scienceRoger Dobson knows the true story, from Pinocchio to Pollard
Voices
The male menopause: those affected can suffer hot flushes, night sweats, joint pain, low libido, depression and an increase in body fat, among other symptoms
voicesSo the male menopause is real, they say, but what would the Victorians, 'old' at 30, think of that, asks DJ Taylor
Life and Style
health
Latest stories from i100
Have you tried new the Independent Digital Edition apps?
SPONSORED FEATURES

ES Rentals

    Independent Dating
    and  

    By clicking 'Search' you
    are agreeing to our
    Terms of Use.

    iJobs Job Widget
    iJobs General

    Recruitment Genius: Project Assistant

    £17000 per annum: Recruitment Genius: They are a leading company in the field ...

    Recruitment Genius: DBA Developer - SQL Server

    £30000 - £35000 per annum: Recruitment Genius: This is an exciting opportunity...

    Recruitment Genius: Office Manager

    £26041 - £34876 per annum: Recruitment Genius: There has never been a more exc...

    Recruitment Genius: Travel Customer Service and Experience Manager

    £14000 - £17000 per annum: Recruitment Genius: The fastest growing travel comp...

    Day In a Page

    Turkey-Kurdish conflict: Obama's deal with Ankara is a betrayal of Syrian Kurds and may not even weaken Isis

    US betrayal of old ally brings limited reward

    Since the accord, the Turks have only waged war on Kurds while no US bomber has used Incirlik airbase, says Patrick Cockburn
    VIPs gather for opening of second Suez Canal - but doubts linger over security

    'A gift from Egypt to the rest of the world'

    VIPs gather for opening of second Suez Canal - but is it really needed?
    Jeremy Corbyn dresses abysmally. That's a great thing because it's genuine

    Jeremy Corbyn dresses abysmally. That's a great thing because it's genuine

    Fashion editor, Alexander Fury, applauds a man who clearly has more important things on his mind
    The male menopause and intimations of mortality

    Aches, pains and an inkling of mortality

    So the male menopause is real, they say, but what would the Victorians, 'old' at 30, think of that, asks DJ Taylor
    Man Booker Prize 2015: Anna Smaill - How can I possibly be on the list with these writers I have idolised?

    'How can I possibly be on the list with these writers I have idolised?'

    Man Booker Prize nominee Anna Smaill on the rise of Kiwi lit
    Bettany Hughes interview: The historian on how Socrates would have solved Greece's problems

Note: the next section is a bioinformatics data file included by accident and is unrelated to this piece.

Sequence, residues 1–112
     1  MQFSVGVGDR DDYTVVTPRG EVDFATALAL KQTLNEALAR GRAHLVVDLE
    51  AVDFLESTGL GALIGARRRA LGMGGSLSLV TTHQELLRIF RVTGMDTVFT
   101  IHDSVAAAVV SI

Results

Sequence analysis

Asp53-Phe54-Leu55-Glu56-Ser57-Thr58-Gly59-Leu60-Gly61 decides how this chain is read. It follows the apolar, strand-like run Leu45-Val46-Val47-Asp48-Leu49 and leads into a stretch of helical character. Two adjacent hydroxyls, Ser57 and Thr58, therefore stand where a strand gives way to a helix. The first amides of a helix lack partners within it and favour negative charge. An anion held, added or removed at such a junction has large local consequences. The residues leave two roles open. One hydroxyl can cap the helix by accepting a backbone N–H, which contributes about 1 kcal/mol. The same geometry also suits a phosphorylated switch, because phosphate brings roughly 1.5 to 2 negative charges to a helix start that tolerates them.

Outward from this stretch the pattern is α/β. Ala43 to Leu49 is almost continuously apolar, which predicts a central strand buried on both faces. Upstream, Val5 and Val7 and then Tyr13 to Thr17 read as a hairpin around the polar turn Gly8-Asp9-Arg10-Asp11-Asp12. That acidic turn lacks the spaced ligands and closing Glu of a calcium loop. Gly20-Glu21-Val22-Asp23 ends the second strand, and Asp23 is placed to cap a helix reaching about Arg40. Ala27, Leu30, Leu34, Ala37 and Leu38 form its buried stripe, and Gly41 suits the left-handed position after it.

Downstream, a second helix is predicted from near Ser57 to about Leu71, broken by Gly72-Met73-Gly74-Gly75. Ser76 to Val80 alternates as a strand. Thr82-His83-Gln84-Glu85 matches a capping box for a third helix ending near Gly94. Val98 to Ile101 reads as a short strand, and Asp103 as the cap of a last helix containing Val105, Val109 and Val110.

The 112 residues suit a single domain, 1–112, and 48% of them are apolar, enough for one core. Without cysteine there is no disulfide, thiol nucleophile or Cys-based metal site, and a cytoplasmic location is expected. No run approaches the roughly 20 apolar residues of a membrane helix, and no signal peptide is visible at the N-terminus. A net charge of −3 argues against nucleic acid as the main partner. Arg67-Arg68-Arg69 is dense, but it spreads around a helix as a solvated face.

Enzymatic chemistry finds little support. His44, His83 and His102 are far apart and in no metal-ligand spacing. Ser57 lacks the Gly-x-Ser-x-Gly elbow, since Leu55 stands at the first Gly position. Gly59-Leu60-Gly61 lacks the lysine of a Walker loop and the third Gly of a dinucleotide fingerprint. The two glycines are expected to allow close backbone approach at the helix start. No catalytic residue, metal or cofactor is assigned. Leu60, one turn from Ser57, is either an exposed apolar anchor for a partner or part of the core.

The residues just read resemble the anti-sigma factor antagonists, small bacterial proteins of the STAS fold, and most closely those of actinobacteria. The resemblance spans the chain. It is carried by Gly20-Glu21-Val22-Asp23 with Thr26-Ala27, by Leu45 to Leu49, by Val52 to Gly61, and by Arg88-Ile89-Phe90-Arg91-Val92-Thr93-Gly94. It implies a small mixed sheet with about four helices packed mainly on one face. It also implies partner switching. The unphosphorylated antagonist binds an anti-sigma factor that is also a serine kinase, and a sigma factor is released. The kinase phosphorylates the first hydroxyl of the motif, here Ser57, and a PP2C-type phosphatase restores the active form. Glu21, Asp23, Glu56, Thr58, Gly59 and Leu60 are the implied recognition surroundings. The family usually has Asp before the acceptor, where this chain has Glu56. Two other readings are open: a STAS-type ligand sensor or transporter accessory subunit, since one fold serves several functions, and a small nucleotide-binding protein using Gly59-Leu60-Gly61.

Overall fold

Bettany Hughes interview

    The historian on how Socrates would have solved Greece's problems
    Art of the state: Pyongyang propaganda posters to be exhibited in China

    Art of the state

    Pyongyang propaganda posters to be exhibited in China
    Mildreds and Vanilla Black have given vegetarian food a makeover in new cookbooks

    Vegetarian food gets a makeover

    Long-time vegetarian Holly Williams tries to recreate some of the inventive recipes in Mildreds and Vanilla Black's new cookbooks
    The haunting of Shirley Jackson: Was the gothic author's life really as bleak as her fiction?

    The haunting of Shirley Jackson

    Was the gothic author's life really as bleak as her fiction?
    Bill Granger recipes: Heading off on holiday? Try out our chef's seaside-inspired dishes...

    Bill Granger's seaside-inspired recipes

    These dishes are so easy to make, our chef is almost embarrassed to call them recipes
    Ashes 2015: Tourists are limp, leaderless and distinctly UnAustralian

    Tourists are limp, leaderless and distinctly UnAustralian

    A woefully out-of-form Michael Clarke embodies his team's fragile Ashes campaign, says Michael Calvin
    Blairites be warned, this could be the moment Labour turns into Syriza

    Andrew Grice: Inside Westminster

    Blairites be warned, this could be the moment Labour turns into Syriza
    HMS Victory: The mystery of Britain's worst naval disaster is finally solved - 271 years later

    The mystery of Britain's worst naval disaster is finally solved - 271 years later

    Exclusive: David Keys reveals the research that finally explains why HMS Victory went down with the loss of 1,100 lives
    Survivors of the Nagasaki atomic bomb attack: Japan must not abandon its post-war pacifism

    'I saw people so injured you couldn't tell if they were dead or alive'

    Nagasaki survivors on why Japan must not abandon its post-war pacifism
    Jon Stewart: The voice of Democrats who felt Obama had failed to deliver on his 'Yes We Can' slogan, and the voter he tried hardest to keep onside

    The voter Obama tried hardest to keep onside

    Outgoing The Daily Show host, Jon Stewart, became the voice of Democrats who felt the President had failed to deliver on his ‘Yes We Can’ slogan. Tim Walker charts the ups and downs of their 10-year relationship on screen